Photo Credit: Regavim
The illegally paved road to Rawabi

The Regavim movement on Monday petitioned the High Court of Justice to demolish the access road to Rawabi, the first planned city built for and by PA Arabs, hailed as the “flagship Palestinian enterprise.” Rawabi was built on private Arab land near Birzeit and Ramallah.

The fact that the access road to the city was being paved on private land without the owners’ consent was exposed in a previous petition by Regavim, filed after the Rawabi corporation had begun preparing land and paving the road that infiltrated an area which is under full Israeli control near the Jewish settlement of Ateret.

The new Arab city of Rawabi / Photo credit: Regavim
The new Arab city of Rawabi / Photo credit: Regavim
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Last year, during the High Court hearing on the fact that the road to the Rawabi industrial zone was paved without a building permit, the state admitted that the problems related to the road system of the city of Rawabi were much more fundamental than had been assumed initially.

In its response to the High Court of Justice, the state noted that “an examination revealed that the submitted ownership documents do not fulfill the requirements in this respect. Inter alia, in view of the fact that part of the road is located in regulated land, where the owner’s consent has not been obtained with respect to the section in question […] the submitted documents do not solve the proprietary problem.”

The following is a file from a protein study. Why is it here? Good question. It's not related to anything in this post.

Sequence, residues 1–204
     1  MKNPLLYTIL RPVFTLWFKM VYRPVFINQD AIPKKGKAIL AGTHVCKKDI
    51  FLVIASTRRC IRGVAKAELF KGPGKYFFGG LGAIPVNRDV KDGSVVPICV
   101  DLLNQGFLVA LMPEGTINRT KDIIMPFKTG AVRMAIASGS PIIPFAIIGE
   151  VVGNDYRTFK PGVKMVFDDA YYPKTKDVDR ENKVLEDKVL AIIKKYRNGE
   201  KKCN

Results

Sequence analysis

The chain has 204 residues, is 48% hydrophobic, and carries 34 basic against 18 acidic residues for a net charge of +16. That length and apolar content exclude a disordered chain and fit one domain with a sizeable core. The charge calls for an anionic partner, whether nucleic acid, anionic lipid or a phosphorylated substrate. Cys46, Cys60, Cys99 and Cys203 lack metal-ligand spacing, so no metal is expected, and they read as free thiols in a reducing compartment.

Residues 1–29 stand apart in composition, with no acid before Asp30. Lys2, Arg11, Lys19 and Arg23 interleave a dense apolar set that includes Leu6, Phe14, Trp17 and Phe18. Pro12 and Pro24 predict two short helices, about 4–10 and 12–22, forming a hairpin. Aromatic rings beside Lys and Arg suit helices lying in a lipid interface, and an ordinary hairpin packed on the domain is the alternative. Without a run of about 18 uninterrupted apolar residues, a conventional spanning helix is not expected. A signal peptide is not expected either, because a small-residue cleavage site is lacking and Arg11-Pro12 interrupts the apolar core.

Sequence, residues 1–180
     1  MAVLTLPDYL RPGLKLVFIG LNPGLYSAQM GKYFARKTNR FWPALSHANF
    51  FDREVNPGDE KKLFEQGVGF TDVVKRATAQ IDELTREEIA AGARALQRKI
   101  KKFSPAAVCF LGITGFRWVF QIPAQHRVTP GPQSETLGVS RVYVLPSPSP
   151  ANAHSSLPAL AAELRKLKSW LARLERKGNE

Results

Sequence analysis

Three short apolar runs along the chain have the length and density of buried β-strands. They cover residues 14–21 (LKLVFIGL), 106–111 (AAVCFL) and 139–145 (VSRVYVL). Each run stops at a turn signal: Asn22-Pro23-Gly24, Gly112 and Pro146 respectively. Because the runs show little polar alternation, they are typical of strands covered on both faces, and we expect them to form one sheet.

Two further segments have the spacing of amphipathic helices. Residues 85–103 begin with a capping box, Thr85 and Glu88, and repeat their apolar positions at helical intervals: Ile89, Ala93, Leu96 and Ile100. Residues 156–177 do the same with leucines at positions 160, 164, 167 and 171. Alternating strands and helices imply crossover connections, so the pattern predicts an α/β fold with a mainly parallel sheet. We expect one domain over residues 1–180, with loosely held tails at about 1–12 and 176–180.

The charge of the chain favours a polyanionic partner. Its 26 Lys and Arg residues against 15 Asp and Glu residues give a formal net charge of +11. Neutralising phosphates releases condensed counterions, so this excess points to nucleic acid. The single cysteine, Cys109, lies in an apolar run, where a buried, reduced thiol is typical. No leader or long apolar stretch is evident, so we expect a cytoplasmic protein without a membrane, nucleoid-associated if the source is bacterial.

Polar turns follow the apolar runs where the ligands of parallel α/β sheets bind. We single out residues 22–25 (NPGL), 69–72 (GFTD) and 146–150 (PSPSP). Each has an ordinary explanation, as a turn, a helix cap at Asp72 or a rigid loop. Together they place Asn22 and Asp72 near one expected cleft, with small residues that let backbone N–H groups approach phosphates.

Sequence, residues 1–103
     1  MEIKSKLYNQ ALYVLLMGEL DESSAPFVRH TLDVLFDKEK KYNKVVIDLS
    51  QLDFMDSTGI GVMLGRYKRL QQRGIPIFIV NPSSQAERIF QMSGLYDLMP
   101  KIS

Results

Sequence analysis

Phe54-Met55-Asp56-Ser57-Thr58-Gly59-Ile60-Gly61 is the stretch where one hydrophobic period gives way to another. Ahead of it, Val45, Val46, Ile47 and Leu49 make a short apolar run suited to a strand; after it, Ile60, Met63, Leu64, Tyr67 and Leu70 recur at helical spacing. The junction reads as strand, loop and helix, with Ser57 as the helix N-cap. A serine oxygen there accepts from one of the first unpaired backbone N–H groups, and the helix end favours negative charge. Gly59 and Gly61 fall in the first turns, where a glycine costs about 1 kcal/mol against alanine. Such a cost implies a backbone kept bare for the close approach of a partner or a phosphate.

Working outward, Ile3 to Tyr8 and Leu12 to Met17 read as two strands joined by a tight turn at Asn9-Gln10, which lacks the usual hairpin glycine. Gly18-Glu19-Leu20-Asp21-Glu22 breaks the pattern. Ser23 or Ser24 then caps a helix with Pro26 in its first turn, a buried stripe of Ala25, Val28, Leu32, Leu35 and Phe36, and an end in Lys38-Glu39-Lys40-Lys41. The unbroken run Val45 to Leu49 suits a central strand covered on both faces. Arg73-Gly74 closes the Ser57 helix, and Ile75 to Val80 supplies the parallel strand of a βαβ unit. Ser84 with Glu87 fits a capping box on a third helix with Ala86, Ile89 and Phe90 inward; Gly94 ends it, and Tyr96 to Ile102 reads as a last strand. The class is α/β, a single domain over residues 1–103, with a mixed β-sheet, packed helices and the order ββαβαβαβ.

The state’s response essentially revealed that long stretches of the access road to the new Arab city were paved on private land without the owners’ consent.

Recently, after it became clear that there no real change in the situation had been made, Regavim Attorneys Yael Sinmon and Avi Segal submitted a new petition to the High Court of Justice, demanding the demolition of the current access road to the city, which is located on private Palestinian land.

It was also discovered that several years ago the Civil Administration issued a temporary permit to build the road, in a clearly illegal manner, since these are privately owned lands.

Should the road be nevertheless approved by the High Court of Justice, this will have surely many implications for Israeli settlements in Judea and Samaria where similar problems have been identified. The high court has to either demolish the road paved on illegally obtained land – or risk having to approve thousands of disputed Jewish-owned homes.

“In recent years the High Court has taken a very strict line and ordered the demolition of buildings and roads built by Jews on private Palestinian land,” said attorney Avi Segal of the Regavim movement, adding, “Therefore, in this case, it is unreasonable for the High Court of Justice to disregard the rights of the landowners.”

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